DNS 673 Solo Dance Repertory. Prerequisite: DNS 527. Provides for the study, rehearsal and performance of selected solo master works from the modern dance repertory. 3 Cr.

DNS 683 Studies in Dance Education. Compares and contrasts various points of view, and studies the educational philosophy underlying dance in education. Surveys the literature on dance in education. Requires a research project. 3 Cr.

DNS 692 Graduate Seminar in Dance. Provides an opportunity to define career goals, and to network in preparation for an application to next career and/or educational effort. Allows students to meet for group discussion/thesis sharing on current issues and career trends in dance. Includes practical experience in professional portfolio creation, résumé and statement of philosophy writing, and interview practice, along with appropriate development of networking, grant writing and auditioning skills. 3 Cr.

DNS 693 Student Teaching. Prerequisites: DNS 581, 582, 583, and 584 and required Pre K-12 school observations. A one-semester student teaching assignment. Prepares the dance artist/educator for a specialist teaching position in kindergarten through 12th grade school settings. Under college and master teacher school supervision, expects full participation as a member of the school's professional team, including teacher parent communication and cocurricular activities. Focuses on planning preparing, presenting and assessing dance in the curriculum. 9 credits by Special Arrangement. DNS 516 History and Development of Dance. Covers the major historical trends in dance, including prehistoric and ancient cultures, the Middle Ages, Renaissance, Baroque and Romantic eras in Western Europe, the German and American backgrounds, and current trends in contemporary dance. Requires a research paper. 3 Cr.

DNS 696 Creative Project or Apprenticeship. Culminating project for the MFA degree. Entails a creative project or apprenticeship involving students with their own creative endeavor. Emphasizes development of performance skills and choreographic experience, supported by written documentation. Requires students to present original choreography in a concert, or to show the results of their creative research in some other form of performance if students choose a creative project and professional paper. May also involve research into topics of interest such as related arts, movement theory, history, dance science and somatics, or production design. Requires professional paper based on the theme of the choreography or creative research. The apprenticeship option involves an apprenticeship with a recognized dance company and presentation of a performance or lecture-demonstration from the apprenticeship experience as well as a final written report. 9 Cr.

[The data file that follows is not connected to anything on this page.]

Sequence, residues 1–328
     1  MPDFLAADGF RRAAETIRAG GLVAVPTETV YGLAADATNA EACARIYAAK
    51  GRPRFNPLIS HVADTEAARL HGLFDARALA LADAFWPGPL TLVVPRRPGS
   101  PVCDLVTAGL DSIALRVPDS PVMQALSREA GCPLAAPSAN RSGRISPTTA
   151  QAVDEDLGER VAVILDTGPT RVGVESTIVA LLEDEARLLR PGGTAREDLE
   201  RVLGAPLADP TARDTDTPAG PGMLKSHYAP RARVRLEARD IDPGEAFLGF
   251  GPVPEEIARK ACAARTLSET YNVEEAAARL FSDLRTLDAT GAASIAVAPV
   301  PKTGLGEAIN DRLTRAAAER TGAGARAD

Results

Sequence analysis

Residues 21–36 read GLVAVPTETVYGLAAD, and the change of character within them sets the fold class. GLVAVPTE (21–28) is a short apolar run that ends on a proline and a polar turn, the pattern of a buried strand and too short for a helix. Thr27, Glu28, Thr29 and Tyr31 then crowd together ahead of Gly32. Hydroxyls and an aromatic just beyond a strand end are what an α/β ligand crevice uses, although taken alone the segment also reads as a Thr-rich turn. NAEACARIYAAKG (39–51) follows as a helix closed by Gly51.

DNS 697 Field Work Practicum II. Requires the application of dance knowledge and skills in practice through teaching or assisting in a class relevant to the MA emphasis area or a secondary area. Must be in a secondary non-emphasis area. 3 Cr.

DNS 698 Thesis. The culminating course in the MA dance program. Involves the writing of a thesis under supervision of the candidate's MA committee chairperson. Thesis topic and final acceptance are by committee approval. 6 Cr.

DNS 699 Independent Study in Dance. Designed individually through consultation between student and instructor to suit the student's needs and interests and the special competence of the instructor. Additional requirements may be established by the department. 1-6 Cr.

The information in this publication was current as of December 2002 when the text was compiled. Changes, including but not restricted to, tuition and fees, course descriptions, degree and program requirements, policies, and financial aid availability may have occurred since that time. Whether or not a specific course is scheduled for a given term is contingent on enrollment, budget and staffing. The college reserves the right to make any changes it finds necessary and may announce such changes for student notification in publications other than the College catalogs. For the purpose of degree and program completion, students are bound by the requirements in effect as stated in the printed catalog at the time of their matriculation at SUNY Brockport. Inquiries on the current status of requirements can be addressed to the appropriate College department of office. Also refer to the Brockport Web site home page at for current information.